Horseback ride the rolling Prairie hills with local ranchers, watch (and listen to) giant icebergs in Atlantic Canada, hike the Rockies, climb Canada’s highest peak or float over the Arctic in a hot-air balloon. Spring means warmer weather “snow adventures” in The North and off-peak season expeditions you can have all to yourself around the rest of Canada. Try something brand new, like kite skiing, or see that bucket list destination you’ve been dreaming of.
Photograph mama polar bears and their little cubs sunning on icebergs around seldom-visited Baffin Island, one of the world’s largest. Arctic Kingdom’s intrepid tent camp-based spring safari gives pro and amateur photographers rare glimpses of wildlife and untamed nature in the High Arctic. At night, capture the Aurora Borealis flickering above the North Pole.
When May turns into June, it’s iceberg-watching time along Newfoundland’s northern coast. Take a guided Zodiac tour at hot spots Bonavista, Cape Spear, Twillingate and Witless Bay to see and hear the monolithic, bluish 10,000-year-old floating glacier hunks. Check Iceberg Finder to see where most have been spotted.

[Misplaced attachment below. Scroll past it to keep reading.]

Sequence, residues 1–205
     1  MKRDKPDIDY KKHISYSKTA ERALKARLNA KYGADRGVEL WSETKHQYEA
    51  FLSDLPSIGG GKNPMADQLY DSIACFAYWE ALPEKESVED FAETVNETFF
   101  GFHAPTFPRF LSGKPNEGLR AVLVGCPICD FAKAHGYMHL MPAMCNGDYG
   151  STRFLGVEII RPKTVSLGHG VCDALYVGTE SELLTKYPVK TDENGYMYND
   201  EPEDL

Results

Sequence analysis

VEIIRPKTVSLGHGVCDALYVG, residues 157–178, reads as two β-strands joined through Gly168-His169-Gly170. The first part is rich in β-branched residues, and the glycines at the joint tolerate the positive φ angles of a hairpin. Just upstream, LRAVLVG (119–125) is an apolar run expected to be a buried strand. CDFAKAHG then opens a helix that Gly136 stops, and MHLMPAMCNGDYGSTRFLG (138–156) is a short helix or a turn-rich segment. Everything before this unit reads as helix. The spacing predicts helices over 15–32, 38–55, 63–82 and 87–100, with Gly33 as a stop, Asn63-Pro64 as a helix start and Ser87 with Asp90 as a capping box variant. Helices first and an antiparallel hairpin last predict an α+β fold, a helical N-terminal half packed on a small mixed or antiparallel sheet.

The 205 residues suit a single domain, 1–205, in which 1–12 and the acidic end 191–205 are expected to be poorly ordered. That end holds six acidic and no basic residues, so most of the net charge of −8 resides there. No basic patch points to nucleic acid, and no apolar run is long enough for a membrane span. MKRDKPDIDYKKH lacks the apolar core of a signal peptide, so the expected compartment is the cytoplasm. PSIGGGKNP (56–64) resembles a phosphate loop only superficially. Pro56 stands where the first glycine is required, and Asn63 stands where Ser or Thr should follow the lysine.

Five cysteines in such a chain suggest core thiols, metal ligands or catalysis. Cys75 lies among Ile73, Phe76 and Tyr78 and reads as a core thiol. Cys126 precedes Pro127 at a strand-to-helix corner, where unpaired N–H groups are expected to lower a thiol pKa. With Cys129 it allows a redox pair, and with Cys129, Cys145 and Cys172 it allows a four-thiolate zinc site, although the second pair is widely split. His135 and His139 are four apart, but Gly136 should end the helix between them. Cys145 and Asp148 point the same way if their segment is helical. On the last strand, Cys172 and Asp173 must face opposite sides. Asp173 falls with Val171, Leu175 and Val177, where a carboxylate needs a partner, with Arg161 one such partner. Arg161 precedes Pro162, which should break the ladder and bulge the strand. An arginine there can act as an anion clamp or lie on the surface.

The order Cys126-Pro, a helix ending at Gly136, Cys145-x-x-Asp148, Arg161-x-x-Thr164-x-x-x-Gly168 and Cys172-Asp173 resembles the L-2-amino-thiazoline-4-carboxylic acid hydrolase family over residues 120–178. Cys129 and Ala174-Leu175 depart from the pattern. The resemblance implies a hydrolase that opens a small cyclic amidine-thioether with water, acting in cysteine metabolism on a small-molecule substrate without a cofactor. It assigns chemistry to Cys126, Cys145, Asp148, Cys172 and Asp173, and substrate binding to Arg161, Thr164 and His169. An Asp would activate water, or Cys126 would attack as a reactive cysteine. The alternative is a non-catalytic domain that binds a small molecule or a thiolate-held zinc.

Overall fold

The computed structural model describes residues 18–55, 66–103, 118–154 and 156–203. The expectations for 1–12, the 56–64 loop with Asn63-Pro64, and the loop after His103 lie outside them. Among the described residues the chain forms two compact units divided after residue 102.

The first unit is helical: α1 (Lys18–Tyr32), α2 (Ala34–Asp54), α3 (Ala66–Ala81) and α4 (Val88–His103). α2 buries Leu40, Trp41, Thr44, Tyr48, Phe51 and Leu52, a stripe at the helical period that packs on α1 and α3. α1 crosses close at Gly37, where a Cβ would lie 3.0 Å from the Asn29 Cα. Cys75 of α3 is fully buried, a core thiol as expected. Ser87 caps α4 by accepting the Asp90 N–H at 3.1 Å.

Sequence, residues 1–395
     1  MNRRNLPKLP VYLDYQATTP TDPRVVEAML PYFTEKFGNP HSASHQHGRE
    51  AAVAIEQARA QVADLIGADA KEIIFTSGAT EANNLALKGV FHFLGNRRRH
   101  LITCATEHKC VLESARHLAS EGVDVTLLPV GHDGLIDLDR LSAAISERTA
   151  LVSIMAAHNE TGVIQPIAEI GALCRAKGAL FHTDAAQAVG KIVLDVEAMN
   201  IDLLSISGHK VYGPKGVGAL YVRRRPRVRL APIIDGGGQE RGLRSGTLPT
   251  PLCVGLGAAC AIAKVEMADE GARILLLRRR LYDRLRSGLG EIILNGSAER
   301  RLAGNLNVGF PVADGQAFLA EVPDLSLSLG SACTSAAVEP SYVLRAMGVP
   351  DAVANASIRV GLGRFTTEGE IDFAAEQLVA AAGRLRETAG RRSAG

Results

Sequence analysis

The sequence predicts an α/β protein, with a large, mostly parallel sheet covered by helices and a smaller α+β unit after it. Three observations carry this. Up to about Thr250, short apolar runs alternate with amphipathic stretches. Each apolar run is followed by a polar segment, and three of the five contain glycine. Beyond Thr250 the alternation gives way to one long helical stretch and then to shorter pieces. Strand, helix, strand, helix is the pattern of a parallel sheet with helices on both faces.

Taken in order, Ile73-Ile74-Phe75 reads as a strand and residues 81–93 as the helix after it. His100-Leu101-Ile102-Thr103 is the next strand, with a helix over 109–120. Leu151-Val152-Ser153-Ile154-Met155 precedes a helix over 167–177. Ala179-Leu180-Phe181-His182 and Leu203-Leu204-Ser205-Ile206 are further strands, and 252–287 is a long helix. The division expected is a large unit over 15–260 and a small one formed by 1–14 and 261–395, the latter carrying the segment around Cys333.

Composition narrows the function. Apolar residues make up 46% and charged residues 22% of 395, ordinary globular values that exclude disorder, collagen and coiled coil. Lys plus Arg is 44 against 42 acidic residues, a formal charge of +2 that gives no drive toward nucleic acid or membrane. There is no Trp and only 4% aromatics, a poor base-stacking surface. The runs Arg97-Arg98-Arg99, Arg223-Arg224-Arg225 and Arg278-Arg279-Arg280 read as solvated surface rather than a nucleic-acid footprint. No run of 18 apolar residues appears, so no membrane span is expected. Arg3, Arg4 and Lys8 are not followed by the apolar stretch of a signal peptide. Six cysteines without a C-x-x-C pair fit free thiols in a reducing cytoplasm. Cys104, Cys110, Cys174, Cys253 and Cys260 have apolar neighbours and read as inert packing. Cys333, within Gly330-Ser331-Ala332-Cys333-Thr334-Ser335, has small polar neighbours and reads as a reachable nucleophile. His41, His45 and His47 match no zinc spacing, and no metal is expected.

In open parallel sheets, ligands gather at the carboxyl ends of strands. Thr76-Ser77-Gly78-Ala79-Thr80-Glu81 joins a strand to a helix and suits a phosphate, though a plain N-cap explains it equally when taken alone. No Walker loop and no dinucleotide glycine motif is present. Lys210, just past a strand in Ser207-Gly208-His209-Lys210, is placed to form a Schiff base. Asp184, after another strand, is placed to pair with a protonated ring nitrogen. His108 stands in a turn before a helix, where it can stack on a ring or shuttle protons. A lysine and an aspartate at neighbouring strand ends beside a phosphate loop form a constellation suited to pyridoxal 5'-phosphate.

Climb or ski-mountaineer 19,551-foot Mt. Logan for an epic guided adventure. It is Canada’s highest peak, North America’s second tallest after Mt. McKinley and the world’s most extensive non-polar icefield. This challenging mountain in southwest Yukon is spectacular and remote — a UNESCO World Heritage Site — and spring is the time to tackle it.
Dig in to a hearty dinner of barbecued steak, garlic bread and salad over cowboy poetry, then ride Saskatchewan’s picturesque Cypress Hills near the Alberta border. Century-old, family-run Historic Reesor Ranch leads relaxed Sunset Supper Rides, ideal for adventurous couples in the quiet off-peak season. Look for newborn fawns, birds and wild orchids.
Just outside Calgary, there are scenic early-season treks to get into the mountains with panoramic views of the Rockies and sweeping Bow Valley. Layer up and tackle Heart Mountain near Canmore for its big vistas; family-friendly, wild-flower-filled Lake Minnewanka, the largest and deepest lake in Banff National Park; and the top-of-the-world Ha Ling Peak Hike.
In Canada’s North, spring is actually the best time for snow activities — with the benefit of milder temperatures. See the Aurora Borealis just outside Yellowknife, tour the snowy landscape on cross-country skis and try kite skiing on vast, reliably windy Great Slave Lake. A local guide can get you outfitted and out on the ice.
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